SAM LEE – songdreaming (Cooking Vinyl)

songdreamingSam Lee’s songdreaming deepens the coloured hues, with big cinema drama, into the old photos of countless Ten Man Mop British folk albums. Perhaps, this one is not for the purists. Now, while each song has a traditional folk deoxyribonucleic acid, the musical polymer in all the tunes gets stretched, twisted, dilated, ignited, and then caressed with “sources as diverse as sacred music of European and global mystic traditions and the work of neo-classical contemporary composers”, all haloing Sam’s immaculate cautionary ghost-risen from the Crossroads (and magically human!) voice.

Case in point: The first song, ‘Bushes And Briars’, which was delightfully sung by Julie Christie in the movie adaptation of Far From The Madding Crowd, begins with the simplicity of an acoustic guitar and slight percussion, but the song, with tense piano and violin, digs into deep psychology and roams the passion of Bathsheba’s ill-fated suitor, Farmer Boldwood, with deep current intensity.

The same is true for ‘Meeting Is A Pleasant Place’, with its piano-graced beginning. But then an electric guitar guts a deep groove, while backing vocals send the song into a lovely and weird Greek chorus orbit.

And ‘McCrimmon’ rumbles with a John Martyn pulsed Danny Thompson double bass, while Sam’s voice soars with quiet beauty. A piano adds to the mix. The song drips with traditional-arranged aged emotion, but in nice juxtaposition, simple electronics float over the melody of an aged sheepherder’s ambered song.

The same is also true for ‘Leaves Of Life’. Indeed, this is folk music, but to get all mythological again, just like the Greek hero Theseus, Sam Lee, when venturing into a labyrinth (and songdreaming does venture into folk secretly walked uncertainty), is clever enough to spin a woven threaded certain passage back to a good “Anthem” in an always remembered “Eden”.

‘Green Mossy Banks’ is an interlude with a simple folk song with a piper’s melodic sympathy. Nice.

But then things get wonderfully epic. ‘Aye Walking On’ is a musical tapestry with intense colour. The song shimmers like an extraterrestrial light that beams on Sam Lee’s own Lancastrian very local mossy-stoned graveyard. And these songs continue to touch ancient sacred soil. This is ‘Great Valerio’ stuff. Thankfully, ‘Dreams Of The Returning’ continues the drama, with a slight river reflective violin graced reverie, as the tune’s melody “seems hung from cloud to cloud”. Then, the tension tugs with the bare-knuckled ‘Black Dog And The Sheep Crook’. The tune conjures torn passion, as a true love, Dinah (and perhaps the universe, itself!) “proves unkind”.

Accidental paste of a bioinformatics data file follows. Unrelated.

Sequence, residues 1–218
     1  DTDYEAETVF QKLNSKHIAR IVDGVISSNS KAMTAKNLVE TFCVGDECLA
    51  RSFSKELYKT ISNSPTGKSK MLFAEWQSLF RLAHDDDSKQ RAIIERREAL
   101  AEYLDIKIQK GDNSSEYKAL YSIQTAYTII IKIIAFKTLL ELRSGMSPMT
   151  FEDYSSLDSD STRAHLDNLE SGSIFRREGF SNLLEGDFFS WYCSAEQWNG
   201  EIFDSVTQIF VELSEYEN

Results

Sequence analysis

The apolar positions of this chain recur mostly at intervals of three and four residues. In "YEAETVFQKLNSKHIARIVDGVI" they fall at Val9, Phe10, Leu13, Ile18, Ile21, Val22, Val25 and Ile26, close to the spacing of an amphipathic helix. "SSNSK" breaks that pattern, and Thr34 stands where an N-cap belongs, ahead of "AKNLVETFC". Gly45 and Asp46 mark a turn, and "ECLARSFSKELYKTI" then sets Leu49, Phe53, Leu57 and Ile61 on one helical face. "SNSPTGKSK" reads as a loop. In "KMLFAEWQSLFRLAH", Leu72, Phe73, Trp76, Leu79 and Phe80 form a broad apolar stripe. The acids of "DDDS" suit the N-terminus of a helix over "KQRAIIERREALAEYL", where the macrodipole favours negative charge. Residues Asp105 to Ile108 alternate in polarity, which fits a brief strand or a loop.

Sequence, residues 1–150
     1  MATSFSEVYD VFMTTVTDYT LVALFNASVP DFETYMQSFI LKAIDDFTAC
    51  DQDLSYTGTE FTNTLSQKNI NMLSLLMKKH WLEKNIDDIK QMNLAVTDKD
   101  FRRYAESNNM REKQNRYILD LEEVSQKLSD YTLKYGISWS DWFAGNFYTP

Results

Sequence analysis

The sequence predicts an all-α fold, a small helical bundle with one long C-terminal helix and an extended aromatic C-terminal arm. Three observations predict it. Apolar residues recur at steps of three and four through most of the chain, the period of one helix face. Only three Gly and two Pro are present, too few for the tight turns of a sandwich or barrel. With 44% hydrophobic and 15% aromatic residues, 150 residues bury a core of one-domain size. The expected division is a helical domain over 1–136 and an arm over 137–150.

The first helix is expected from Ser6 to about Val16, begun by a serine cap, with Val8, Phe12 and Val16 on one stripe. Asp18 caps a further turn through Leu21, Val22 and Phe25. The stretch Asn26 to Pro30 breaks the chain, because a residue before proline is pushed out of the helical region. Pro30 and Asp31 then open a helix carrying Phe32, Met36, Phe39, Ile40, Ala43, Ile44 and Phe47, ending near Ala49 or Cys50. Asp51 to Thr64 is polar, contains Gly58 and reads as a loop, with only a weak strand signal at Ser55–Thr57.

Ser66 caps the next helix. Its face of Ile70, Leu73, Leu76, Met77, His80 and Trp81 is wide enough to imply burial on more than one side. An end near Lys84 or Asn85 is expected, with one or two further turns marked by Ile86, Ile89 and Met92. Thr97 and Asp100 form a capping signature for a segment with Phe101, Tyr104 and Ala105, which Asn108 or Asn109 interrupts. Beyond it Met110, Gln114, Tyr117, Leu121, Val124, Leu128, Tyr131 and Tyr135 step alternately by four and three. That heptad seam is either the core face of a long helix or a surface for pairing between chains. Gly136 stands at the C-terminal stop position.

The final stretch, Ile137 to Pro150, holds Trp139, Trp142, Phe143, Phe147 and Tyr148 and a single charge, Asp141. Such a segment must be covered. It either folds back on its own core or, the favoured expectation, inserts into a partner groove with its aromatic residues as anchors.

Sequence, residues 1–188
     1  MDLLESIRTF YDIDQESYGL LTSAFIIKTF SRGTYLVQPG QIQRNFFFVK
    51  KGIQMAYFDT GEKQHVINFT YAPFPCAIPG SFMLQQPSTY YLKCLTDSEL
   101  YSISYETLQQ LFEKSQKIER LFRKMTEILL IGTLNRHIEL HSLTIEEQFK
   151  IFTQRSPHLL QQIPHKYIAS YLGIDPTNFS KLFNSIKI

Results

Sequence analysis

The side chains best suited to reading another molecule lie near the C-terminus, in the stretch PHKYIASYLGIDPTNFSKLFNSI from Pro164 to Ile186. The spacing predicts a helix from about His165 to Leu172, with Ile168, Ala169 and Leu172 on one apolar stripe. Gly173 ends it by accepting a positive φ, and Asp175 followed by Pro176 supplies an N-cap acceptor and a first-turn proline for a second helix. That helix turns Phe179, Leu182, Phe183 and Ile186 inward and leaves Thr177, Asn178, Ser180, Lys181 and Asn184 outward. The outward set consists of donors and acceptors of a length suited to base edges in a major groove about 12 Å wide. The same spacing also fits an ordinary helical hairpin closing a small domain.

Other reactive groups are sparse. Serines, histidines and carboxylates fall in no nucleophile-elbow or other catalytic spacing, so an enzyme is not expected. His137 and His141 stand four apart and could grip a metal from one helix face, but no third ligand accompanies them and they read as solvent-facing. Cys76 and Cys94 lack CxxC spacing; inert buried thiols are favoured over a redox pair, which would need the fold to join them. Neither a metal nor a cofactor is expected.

My friend, Kilda Defnut, says of the song, “The tune proves that the touch of rough sandpaper has a redemptive melody”.

Finally, the soundtrack song, ‘Sweet Girl McRee’ from The Unlikely Pilgrimage Of Harold Fry, with its emotional piano and Sam’s deep featherbed voice (plus sainted backing voices), spins the final grooves of songdreaming into a lovely and warm knitted melodious memory of lost time and a sadly unfermented love. It’s a gorgeous tune.

songdreaming is an album of Janus juxtaposition. It glances into the past; and then it stretches, twists, dilates, ignites, and then caresses folk music through a broad modern labyrinth; but thankfully, it always returns to that woven threaded certain passage that leads back to anthems forever and a day sung in anyone’s “green and pleasant Eden”.

Bill Golembeski

Artist’s website:

‘Green Mossy Banks’ – official video:

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